The difference in the training schedule from pre-season to in-season to off-season can be seen in table 1. The main difference was the elimination of the high-intensity speed sessions during the season and also the reduction of weightlifting volume by 35%, with no increase in load. The emphasis during the season was on maintaining the cardiovascular workouts (presumably to maintain VO2max and keep body fat in check) but these did not have the desired effect.
Maybe the coaches believed that matches and cardiovascular training sessions would be enough to maintain fitness. However, as we saw in the study of small-sided games (2), while matches and cardiovascular training can have many benefits, the necessary high-intensity work to maintain peak performance may be missing. By dropping the volume of weight lifting and eliminating the high-intensity speed workouts, the players effectively became detrained as the season went on.
Although there are no comparable studies in elite footballers, extrapolating these results to a typical European season (which lasts over twice as long) suggests that in-season detraining may be even more of a problem. Indeed, this effect has been observed in a longer season in junior reserve team players (10 to 14 year olds) who gained fat and were slower at the end of the season than the start (8). Caution is needed when looking at data in this age group as maturation levels play a big part in changing physiology, but the decline in performance can be linked to lack of an in-season training plan.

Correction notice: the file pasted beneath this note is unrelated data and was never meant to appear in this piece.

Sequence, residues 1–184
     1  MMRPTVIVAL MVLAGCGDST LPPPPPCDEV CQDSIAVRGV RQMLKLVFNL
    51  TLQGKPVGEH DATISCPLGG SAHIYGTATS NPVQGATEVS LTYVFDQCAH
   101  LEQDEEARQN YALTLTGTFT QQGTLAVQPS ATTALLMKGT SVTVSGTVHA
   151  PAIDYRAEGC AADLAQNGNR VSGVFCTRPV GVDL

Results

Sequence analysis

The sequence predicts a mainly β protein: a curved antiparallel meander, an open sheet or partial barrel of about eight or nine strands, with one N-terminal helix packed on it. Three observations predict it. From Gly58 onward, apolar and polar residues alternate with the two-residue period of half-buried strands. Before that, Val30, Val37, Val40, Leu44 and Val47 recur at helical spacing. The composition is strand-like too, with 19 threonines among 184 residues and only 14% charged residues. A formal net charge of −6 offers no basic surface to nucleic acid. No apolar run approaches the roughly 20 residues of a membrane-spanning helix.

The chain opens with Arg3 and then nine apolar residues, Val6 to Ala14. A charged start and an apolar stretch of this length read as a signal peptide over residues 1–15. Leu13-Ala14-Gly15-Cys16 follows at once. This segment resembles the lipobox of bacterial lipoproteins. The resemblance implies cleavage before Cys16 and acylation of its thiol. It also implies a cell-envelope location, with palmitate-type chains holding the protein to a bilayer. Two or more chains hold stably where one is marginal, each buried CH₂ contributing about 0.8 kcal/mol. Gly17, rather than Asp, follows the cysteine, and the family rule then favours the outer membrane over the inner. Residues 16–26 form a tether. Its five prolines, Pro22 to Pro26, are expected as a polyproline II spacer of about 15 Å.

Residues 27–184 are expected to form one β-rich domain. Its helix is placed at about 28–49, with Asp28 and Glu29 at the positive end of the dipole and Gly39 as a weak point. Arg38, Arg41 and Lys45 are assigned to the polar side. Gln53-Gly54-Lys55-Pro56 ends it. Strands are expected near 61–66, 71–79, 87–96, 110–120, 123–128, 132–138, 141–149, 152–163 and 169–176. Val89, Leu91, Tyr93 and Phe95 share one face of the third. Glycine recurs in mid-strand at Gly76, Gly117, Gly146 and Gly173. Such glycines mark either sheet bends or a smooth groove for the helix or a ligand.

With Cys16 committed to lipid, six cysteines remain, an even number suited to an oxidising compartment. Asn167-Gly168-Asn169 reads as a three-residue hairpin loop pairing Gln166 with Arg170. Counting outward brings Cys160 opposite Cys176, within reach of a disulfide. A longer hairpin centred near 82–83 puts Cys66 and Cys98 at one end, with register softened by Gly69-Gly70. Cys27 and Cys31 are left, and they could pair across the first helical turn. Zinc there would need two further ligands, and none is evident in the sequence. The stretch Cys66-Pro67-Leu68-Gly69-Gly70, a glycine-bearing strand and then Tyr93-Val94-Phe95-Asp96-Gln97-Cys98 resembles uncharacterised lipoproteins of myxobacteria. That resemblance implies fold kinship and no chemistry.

Take home message
So how do you plan your training programme? Time is a factor and part-time clubs obviously have less. I would recommend the warm-up as the ideal place to work on the technical aspects of agility, rather than the standard jog around the pitch. Also, the agility drills must replicate the movement patterns of football, and not just be comprised of equipment obstacle courses that distract from the purpose of training. Here are some tips:
- A combination of programmed and unprogrammed agility sessions, leading into small-sided games will give players a sound aerobic base and incorporate skill work;
- These should be combined with higher intensity quality work for speed and also anaerobic power;
- Weight training should be conducted in the off-season with squats being a key lift, to develop lower body power and speed;
In-season work should also incorporate shorter sessions of weight training and sprints, but with high levels of intensity.
Coaches and researchers often have a particular approach, which they firmly believe in and will often go to great lengths to prove or justify these beliefs. However, it seems that all aspects of training can work to some extent, but also have their flaws, and that detraining is a common factor during the season. It is therefore important to vary the types of training to prevent staleness and also to maintain intensity and quality work throughout the season. This will ensure that the players are as fit at the end of the season as they were at the beginning.
1. JSCR, 22 (2), 341-349 (2008)
2. JSCR, 22 (2) 543-552 (2008)
3. JSCR 22 (4), 1046-1050 (2008)
4. JSCR, 21 (4), 1093-1100 (2007)
5. JSCR 22 (3), 773-780 (2008)
6. JSCR, 21 (1), 48-51 (2007)
7. JSCR, 22(4), 1308-1314 (2008)
8. JSCR 19 (2), 400-408 (2005)